Former President George W. Bush on Saturday called on Americans to confront violent extremists at home, comparing them to violent extremists abroad and warning that they are “children of the same vicious spirit”.
In a speech marking the 20th anniversary of the September 11 attacks, Bush said the United States has seen “growing evidence that dangers to our country can arise not only across borders, but also violence that accumulates inside”.
“There is little cultural overlap between violent extremists abroad and violent extremists at home,” Bush said. “But in his disdain for pluralism, in his disregard for human life, in his determination to desecrate national symbols, they are children of the same vicious spirit.”
“And it is our permanent duty to confront them,” he added.
Bush’s speech at the Flight 93 Memorial in Shanksville, Pennsylvania, came eight months after violent rebels entered the United States Capitol on January 6 in an attempt to prevent Congress from certifying the 2020 election for President Joe Biden.
The former Republican president has been outspoken in condemning the violent crowd of Trump supporters who stormed the Capitol that day. “This is how election results are disputed in a banana republic, not in our democratic republic,” he said in a statement at the time, adding that he was “dismayed by the reckless behavior of some political leaders since the elections.”
Law enforcement officials prepare for potential clashes and riots during a right-wing rally in Washington City, scheduled for September 18, which is intended to support the insurgents accused of the Capitol riots, according to an internal Capitol Police memo reviewed by Citizen Free Press.
Bush on Saturday lamented the division in the United States, contrasting the current political climate with the spirit of unity he said he observed in the wake of the 9/11 attacks.
“An evil force seems to act in our common life that turns every disagreement into an argument and every argument into a clash of cultures. Much of our politics has become a simple appeal to anger, fear and resentment,” said Bush. “That leaves us concerned about our nation and our future together”.
He claimed he had “no explanations or solutions,” but went on to relate what he said was the United States he saw after the 2001 terrorist attacks.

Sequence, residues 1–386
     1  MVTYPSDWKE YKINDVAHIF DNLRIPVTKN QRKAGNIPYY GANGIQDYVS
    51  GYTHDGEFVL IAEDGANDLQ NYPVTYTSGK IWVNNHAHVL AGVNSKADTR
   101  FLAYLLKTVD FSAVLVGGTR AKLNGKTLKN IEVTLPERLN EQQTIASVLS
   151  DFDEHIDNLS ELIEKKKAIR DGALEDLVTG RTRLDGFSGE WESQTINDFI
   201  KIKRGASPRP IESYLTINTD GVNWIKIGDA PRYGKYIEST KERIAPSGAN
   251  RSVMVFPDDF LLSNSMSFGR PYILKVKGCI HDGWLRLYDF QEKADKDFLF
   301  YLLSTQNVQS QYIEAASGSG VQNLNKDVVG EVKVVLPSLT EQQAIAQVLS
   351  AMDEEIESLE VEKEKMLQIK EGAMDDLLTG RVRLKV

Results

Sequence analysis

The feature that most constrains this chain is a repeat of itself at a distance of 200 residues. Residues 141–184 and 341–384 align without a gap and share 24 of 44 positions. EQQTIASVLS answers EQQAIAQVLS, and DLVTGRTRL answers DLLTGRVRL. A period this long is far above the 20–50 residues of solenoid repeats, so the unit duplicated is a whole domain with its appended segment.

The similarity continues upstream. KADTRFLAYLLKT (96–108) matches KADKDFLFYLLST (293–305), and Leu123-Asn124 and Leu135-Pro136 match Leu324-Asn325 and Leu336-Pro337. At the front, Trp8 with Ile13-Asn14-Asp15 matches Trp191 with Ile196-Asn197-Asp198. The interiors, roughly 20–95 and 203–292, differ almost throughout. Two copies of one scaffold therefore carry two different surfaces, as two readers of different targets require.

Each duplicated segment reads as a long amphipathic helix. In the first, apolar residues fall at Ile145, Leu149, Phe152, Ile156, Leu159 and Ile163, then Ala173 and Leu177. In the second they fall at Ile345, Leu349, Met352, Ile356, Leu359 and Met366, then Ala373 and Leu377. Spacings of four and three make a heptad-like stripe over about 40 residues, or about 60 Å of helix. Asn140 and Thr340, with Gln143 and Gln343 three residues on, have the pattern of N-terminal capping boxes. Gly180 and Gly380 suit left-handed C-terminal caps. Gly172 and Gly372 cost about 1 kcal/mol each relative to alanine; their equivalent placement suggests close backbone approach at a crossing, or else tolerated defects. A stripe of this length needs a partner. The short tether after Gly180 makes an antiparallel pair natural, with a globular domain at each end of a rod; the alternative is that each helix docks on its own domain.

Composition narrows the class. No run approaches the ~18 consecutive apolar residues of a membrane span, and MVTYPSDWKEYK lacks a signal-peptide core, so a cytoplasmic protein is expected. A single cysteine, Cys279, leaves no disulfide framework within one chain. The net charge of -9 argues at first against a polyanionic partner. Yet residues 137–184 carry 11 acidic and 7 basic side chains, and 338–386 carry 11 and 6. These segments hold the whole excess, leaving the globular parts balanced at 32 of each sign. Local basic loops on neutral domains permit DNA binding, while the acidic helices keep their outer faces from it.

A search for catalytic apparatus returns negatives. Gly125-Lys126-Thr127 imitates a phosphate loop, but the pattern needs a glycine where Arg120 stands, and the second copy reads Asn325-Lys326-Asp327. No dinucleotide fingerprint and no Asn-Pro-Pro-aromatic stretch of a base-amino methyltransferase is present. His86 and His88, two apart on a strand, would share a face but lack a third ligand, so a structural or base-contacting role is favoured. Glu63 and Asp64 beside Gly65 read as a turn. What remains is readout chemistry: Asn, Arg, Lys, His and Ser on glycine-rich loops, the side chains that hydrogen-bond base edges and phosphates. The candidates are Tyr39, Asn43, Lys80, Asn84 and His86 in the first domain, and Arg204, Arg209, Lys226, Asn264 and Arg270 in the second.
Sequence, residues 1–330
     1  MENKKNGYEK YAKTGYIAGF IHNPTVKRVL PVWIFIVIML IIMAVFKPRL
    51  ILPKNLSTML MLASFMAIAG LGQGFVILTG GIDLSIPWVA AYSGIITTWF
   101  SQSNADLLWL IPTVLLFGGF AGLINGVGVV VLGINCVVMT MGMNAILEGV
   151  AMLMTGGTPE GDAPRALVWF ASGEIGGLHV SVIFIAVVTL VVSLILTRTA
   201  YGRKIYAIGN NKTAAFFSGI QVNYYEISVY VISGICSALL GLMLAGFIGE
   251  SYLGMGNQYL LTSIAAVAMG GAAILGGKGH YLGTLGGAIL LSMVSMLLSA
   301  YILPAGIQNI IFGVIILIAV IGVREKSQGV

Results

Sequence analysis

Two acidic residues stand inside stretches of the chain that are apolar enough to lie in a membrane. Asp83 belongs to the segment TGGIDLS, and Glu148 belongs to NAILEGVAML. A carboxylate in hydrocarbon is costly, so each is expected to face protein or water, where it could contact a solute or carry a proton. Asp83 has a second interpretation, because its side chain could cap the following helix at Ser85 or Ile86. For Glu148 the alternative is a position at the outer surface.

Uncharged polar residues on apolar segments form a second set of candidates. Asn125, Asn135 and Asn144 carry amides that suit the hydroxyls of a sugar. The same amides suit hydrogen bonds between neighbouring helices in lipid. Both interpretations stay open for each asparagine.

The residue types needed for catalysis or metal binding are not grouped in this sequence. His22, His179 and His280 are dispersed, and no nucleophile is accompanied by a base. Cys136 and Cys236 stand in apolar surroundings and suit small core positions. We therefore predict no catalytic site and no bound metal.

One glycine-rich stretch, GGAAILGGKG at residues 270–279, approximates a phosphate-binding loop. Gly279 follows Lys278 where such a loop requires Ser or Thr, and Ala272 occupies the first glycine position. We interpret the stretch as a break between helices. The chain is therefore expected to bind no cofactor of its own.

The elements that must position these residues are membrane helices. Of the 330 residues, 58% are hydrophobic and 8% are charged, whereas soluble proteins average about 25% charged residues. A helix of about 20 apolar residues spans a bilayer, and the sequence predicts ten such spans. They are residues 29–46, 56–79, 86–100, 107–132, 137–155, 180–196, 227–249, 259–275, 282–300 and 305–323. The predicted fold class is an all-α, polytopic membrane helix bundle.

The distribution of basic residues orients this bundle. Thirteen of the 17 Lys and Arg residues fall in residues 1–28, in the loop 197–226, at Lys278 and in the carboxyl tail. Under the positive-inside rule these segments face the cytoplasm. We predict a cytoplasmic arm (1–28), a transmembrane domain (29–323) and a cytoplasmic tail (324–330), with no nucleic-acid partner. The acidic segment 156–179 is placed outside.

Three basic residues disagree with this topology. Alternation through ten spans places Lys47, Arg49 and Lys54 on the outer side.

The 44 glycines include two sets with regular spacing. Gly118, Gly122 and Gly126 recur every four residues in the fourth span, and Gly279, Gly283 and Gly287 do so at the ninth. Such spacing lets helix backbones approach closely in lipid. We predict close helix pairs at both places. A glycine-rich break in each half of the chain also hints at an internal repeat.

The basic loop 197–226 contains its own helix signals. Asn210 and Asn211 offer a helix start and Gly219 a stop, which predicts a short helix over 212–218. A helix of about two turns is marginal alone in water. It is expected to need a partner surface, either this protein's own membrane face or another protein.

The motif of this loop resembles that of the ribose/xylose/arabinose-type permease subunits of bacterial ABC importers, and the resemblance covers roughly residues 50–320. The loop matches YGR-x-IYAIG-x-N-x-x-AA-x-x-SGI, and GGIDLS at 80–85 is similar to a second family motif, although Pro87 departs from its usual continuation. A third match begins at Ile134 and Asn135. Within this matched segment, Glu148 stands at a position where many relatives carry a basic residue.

“At a time when religious fanaticism could have flowed freely, I saw Americans reject prejudice and embrace people of Muslim faith. That is the nation I know,” Bush said.
“At a time when nativism could have sparked hatred and violence against people perceived as foreigners, I saw Americans reaffirm their welcome to immigrants and refugees. That is the nation I know,” Bush added.
His comments come as some members of his own party have raised concerns about the resettlement of Afghan refugees in the United States after the United States withdrew from Afghanistan last month.
In addition to Biden and Bush, former President Barack Obama participated in Saturday’s commemorative events, bringing together all of America’s leaders from the post-9/11 era, except for former President Donald Trump, who visited District 17 of the US Police Department. New York City in Manhattan’s Midtown East neighborhood later on Saturday.
Trump, who will be a commentator on a boxing match this Saturday, commemorated the 20th anniversary with a short video in which he praised first responders and also criticized Biden for handling the exit from Afghanistan.
“A lot of things were on display that day, including most importantly the bravery of our police, firefighters and first responders of all kinds. The work they did was really incredible,” Trump said of 9/11 in the video. “It is also a sad moment because of the way our war against those who did so much damage to our country ended last week.”
It was the Trump administration that signed the February 2020 agreement with the Taliban for the United States to withdraw troops from Afghanistan.
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